Daniel Malpica – L’Oréal
- Written by: David Harry
- Produced by: Diana Carrillo
- Est. reading time: 4 mins
Daniel Malpica was inclined to study civil engineering in college. Beer changed his mind.
On a school trip before college, he visited a brewery and was so intrigued by the supply chain that he decided to study industrial engineering at Universidad La Salle in Mexico City.
That set the foundation for a 20-year career guiding supply chains, logistics and distribution for companies including L’Oréal and Fujifilm. Now working in Mexico City as physical distribution director with L’Oréal Latin America, Malpica is in his second tenure with the cosmetics and beauty products company. While e-commerce and the COVID-19 pandemic are changing how he goes about his job, his passion for supply chains hasn’t diminished.
“I love keeping track of production systems, logistics, process analysis and their design,” Malpica says. “In addition, it teaches you how to manage them in order to create strategies that lead to better production and service processes.”
Building the links
Malpica says proper supply chain management can resemble spokes on a wheel comprised of suppliers, manufacturers, carriers and warehouses. Depending on the industry and the product, the spokes change—for example, at Fujifilm, a priority was ensuring sensitive gear arrived undamaged.
At L’Oréal, he oversees the entire supply chain, relying on enterprise resource management software to link and track inventory, from when it’s received through order fulfillment, shipping and billing.
He uses warehouse management systems to manage inventory, batch control, stock and how stock is stored, also. He uses labor management software to automate manual tasks, such as picking orders—those are being automated with light indicators and checkweigher systems showing locations and quantities. Data gathered by the software through barcodes and radio frequency identification is used to create real-time updates on inventory.
He uses management system software to track transportation, including trucks, that have left the warehouse or distribution center.
“Generally, these systems work in real time and include product information and specifications, available inventory, customer information, among others,” Malpica says. “This can facilitate reception and dispatch operations by providing information on the products in real time, which can reduce errors and increase the efficiency of operations.”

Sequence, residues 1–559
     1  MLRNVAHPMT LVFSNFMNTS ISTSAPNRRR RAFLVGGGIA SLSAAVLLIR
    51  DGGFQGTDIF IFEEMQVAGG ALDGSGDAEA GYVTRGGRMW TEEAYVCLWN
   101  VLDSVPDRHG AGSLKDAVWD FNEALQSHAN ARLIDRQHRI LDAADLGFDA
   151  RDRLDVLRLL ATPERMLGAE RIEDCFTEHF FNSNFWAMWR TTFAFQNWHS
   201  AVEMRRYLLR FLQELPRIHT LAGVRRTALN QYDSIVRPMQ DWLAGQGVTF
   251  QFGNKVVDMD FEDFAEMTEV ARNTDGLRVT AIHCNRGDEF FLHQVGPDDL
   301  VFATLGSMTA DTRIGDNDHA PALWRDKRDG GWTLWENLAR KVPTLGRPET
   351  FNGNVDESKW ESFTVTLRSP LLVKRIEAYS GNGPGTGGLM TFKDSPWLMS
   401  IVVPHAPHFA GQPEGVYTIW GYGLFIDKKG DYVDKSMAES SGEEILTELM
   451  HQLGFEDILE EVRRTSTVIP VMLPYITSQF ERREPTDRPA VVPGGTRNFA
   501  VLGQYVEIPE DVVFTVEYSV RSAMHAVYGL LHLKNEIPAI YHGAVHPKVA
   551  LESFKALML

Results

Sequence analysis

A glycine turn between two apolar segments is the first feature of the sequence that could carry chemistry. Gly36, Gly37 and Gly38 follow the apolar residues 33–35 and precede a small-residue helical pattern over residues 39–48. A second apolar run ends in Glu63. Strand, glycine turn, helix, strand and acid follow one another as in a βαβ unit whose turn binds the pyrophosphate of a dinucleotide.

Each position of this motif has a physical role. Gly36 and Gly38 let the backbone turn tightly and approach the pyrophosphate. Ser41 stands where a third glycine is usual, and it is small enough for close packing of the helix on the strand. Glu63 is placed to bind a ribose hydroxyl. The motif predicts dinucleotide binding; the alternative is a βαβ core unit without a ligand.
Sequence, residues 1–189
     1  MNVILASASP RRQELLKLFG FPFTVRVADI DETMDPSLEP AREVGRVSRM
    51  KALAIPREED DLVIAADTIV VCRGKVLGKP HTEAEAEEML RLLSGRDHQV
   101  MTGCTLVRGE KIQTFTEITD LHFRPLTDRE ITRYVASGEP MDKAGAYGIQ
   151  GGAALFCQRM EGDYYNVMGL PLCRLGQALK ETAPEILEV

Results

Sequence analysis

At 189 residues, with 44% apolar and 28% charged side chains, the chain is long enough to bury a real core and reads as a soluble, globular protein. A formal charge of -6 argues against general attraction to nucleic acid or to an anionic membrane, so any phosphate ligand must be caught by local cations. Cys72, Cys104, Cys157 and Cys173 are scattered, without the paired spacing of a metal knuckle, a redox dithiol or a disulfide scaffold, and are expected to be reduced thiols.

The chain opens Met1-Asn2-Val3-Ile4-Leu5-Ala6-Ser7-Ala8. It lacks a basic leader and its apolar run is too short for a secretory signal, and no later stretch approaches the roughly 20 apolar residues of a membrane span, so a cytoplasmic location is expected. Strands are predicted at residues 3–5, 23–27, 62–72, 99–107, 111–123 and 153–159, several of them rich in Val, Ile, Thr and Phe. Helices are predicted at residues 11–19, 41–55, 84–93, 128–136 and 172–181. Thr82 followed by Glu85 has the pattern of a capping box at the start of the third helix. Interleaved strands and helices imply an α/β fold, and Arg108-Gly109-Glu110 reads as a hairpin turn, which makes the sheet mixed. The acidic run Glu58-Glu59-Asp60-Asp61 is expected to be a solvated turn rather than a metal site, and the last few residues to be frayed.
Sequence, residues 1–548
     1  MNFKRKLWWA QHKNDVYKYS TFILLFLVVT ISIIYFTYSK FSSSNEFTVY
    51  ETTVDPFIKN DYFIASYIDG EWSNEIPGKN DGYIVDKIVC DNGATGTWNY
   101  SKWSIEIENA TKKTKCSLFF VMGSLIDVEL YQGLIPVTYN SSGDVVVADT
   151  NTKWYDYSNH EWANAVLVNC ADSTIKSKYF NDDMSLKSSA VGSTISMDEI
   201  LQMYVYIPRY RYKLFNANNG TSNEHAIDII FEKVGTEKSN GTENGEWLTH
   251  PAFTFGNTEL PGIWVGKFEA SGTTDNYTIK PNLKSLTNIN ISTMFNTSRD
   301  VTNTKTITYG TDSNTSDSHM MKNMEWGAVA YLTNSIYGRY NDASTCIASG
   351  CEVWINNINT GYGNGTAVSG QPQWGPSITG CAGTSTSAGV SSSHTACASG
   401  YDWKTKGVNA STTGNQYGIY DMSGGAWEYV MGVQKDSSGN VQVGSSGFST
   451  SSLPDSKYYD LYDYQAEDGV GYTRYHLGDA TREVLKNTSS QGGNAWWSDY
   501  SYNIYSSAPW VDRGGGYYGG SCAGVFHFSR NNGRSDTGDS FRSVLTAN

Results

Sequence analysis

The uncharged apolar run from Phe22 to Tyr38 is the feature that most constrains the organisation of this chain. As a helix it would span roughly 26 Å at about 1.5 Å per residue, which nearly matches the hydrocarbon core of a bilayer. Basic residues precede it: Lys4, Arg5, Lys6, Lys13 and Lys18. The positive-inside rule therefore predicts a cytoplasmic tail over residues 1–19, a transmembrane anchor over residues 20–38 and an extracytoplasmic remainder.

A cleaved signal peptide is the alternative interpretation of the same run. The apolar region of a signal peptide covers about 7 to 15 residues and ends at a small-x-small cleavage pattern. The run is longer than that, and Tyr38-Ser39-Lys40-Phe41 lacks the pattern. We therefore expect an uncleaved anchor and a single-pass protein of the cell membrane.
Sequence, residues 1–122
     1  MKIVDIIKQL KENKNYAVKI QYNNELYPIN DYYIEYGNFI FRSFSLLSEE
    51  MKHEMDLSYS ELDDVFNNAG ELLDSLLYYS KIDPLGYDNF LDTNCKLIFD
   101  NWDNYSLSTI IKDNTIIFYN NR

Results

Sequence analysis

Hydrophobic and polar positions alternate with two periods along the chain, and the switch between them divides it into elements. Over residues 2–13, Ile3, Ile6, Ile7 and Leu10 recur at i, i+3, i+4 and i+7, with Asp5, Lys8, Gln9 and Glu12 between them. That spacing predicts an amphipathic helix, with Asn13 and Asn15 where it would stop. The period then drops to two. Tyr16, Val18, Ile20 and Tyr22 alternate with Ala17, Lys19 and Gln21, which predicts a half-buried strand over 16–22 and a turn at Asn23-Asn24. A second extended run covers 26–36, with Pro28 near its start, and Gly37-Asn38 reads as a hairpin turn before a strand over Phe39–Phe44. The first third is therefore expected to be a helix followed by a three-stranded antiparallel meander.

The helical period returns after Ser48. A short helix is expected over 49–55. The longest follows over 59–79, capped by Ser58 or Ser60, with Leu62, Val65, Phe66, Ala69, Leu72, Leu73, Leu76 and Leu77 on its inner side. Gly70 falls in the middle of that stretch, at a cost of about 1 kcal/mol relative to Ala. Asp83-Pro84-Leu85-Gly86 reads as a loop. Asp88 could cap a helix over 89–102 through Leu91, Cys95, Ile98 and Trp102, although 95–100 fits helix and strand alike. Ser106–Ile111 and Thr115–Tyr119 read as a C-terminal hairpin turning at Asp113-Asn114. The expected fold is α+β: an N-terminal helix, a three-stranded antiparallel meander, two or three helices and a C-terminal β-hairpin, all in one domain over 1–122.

Though e-commerce was on the rise before the COVID-19 pandemic, it’s since skyrocketed. It grew from 16 percent in 2020 to 19 percent in 2021 as sales reached nearly $27 trillion, according to the United Nations Conference on Trade and Development. A study by the Mexican Association Online Sales showed a 27 percent increase in e-commerce from 2020 to 2021.
Among many other effects, this has required companies to get more warehouse space and improve their distribution networks, Malpica says. It’s also led companies to use third party services and sites for logistics and warehousing, he adds. E-commerce has also changed the balance of the relationship between companies and customers, Malpica says.
“Today’s consumers have more power to direct and affect the way retailers and businesses operate to meet their needs and wants,” he says. “E-commerce incorporating same-day delivery is an option that has become almost necessary for some businesses to satisfy the customer.”
Malpica says it’s important he maintains strong relationships with his suppliers, that he understands trends and is transparent to ensure stability.
“The pandemic has taught us to have a lot of resilience and has shown us that even in operations, remote work is possible at the administrative level,” he says. “The pandemic broke the stereotype by having a flexible way of managing operations while taking extreme care and adherence to the stricter standards of care for the health of each employee.”
Still changing, still the same
Born in Mexico City, Malpica earned his degrees in industrial engineering and management from Universidad La Salle in 2001 and 2003. While in school, he served as an intern at L’Oréal, then joined its operations and logistics department in Mexico City.
In February 2008, Malpica joined Fujifilm Mexico as its operations manager, overseeing the distribution center there. In March 2011, he returned to L’Oreal as distribution director for the company’s Mexican subsidiary (for which he’s also served as director of supply chains). After a stint as customer care director for the company’s Hispanic Zone, in 2018 he took on the task of managing end-to-end operations at the country’s distribution center. He held the role until being promoted to his current position in November 2021.
Throughout his career, Malpica says he’s seen the addition of data and technology tools and says e-commerce needs to be supported with more sustainable practices—ones that L’Oreal is actively implementing.
Known as L’Oreal for the Future, the company’s sustainability program marks a new milestone in accelerating the transformation of its supply chain. Its goal is to reduce the company’s greenhouse gas by 50 percent (compared to 2016 levels) by 2030.
“The supply chain of any production process is the fundamental factor that includes all the parties involved in fulfilling a customer’s request,” Malpica says. “Managing them properly can create strategies that lead to better production and service processes. We really are trying to transform and reinvent how the company transports their goods, and I feel very proud that sustainability is at the heart of all our decisions.”
View this feature in the Vol. III 2022 Edition here.
Showcase your feature on your website with a custom “As Featured in Vision” badge that links directly to your article!
Copy and paste this script into your page coding (ideally right before the closing